Plantar intrinsic foot muscles are commonly described as acting as one ‘functional unit’. However, previous human studies of EMG recordings of abductor hallucis and flexor digitorum brevis during walking have revealed that these muscles have unique onset/offset patterns during the gait cycle. This suggests that they may function more independently than once thought. To our knowledge, there has been no report of EMG recording of the transverse head of adductor hallucis, another plantar intrinsic foot muscle, during walking. In this study, we therefore aimed to 1) develop a fine-wire EMG technique to record EMG of the transverse head of adductor hallucis during gait, and 2) examine this muscle’s functional role during walking.
We recorded bipolar fine-wire EMG of the transverse head of adductor hallucis in 19 feet of 10 young adults during walking. Under ultrasound guidance, we inserted fine-wire electrodes into the transverse head of adductor hallucis muscle via a dorsal forefoot insertional approach. Participants then completed a series of level walking trials over a custom-made walking platform, designed to allow for manipulation of the flooring surface compliance between hard and soft foam. This flooring compliance change modified the muscular demands of the transverse head of adductor hallucis during the stance phase of the gait cycle. We compared and reported the ensemble averages between both flooring surfaces and typical phasic EMG activity of the transverse head of adductor hallucis during level walking.
We found that the transverse head of adductor hallucis appears to contract, neutralizing the role of the tibialis anterior, and acting as a forefoot stabilizer during the propulsive phase of gait. Even more intriguing, the demands of this muscle appear to change when varying the flooring compliance (Figure). These preliminary insights into the functional role of the transverse head of adductor hallucis during walking may prove informative to clinicians treating common forefoot pathologies, including hallux valgus and metatarsalgia symptoms. These results may also be useful for the design of foot orthoses and/or footwear to alleviate the muscular demands of the transverse head of adductor hallucis during walking. Future researchers are encouraged to adopt this fine-wire technique and advance transverse head of adductor hallucis EMG literature across different foot shapes and participants experiencing pathological forefoot deformities.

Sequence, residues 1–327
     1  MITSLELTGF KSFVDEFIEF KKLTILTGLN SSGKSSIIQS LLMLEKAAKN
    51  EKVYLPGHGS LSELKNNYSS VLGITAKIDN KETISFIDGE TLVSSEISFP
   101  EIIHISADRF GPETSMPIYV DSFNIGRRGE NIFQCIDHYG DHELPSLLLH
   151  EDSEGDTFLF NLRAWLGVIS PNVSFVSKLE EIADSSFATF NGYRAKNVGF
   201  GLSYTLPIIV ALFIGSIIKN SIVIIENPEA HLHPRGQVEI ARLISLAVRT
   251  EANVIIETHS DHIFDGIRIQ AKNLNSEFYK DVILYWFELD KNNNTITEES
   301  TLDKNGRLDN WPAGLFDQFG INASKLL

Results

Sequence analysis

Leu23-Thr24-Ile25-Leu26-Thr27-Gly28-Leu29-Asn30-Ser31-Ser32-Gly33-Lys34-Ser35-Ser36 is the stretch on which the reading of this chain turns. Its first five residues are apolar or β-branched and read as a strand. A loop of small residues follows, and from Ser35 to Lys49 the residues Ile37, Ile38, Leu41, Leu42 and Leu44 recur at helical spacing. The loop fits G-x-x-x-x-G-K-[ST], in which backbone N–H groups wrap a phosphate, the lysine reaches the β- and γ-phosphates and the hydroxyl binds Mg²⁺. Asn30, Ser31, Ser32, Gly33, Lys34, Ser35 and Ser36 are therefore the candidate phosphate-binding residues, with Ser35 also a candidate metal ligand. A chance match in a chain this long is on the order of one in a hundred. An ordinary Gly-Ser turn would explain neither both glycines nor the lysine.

Figure: Representative data of the EMG bursting pattern of the transverse head of adductor hallucis during walking. When walking on a hard surface (top), peak activity occurs at approximately 15% and 60% of the gait cycle, corresponding to initial contact and propulsion phases of gait. When walking on the softer foam (bottom), there is an absence of EMG activity at initial contact, with the retention of similar bursts in EMG at propulsion.
Kelly Robb is a 4th year PhD student at Wilfrid Laurier University working alongside Dr. Stephen Perry. Kelly studies the effect of foot orthotics and texture, as a method of facilitating cutaneous mechanoreceptor activation under the plantar foot sole, on lower leg and foot intrinsic muscle activity during locomotion.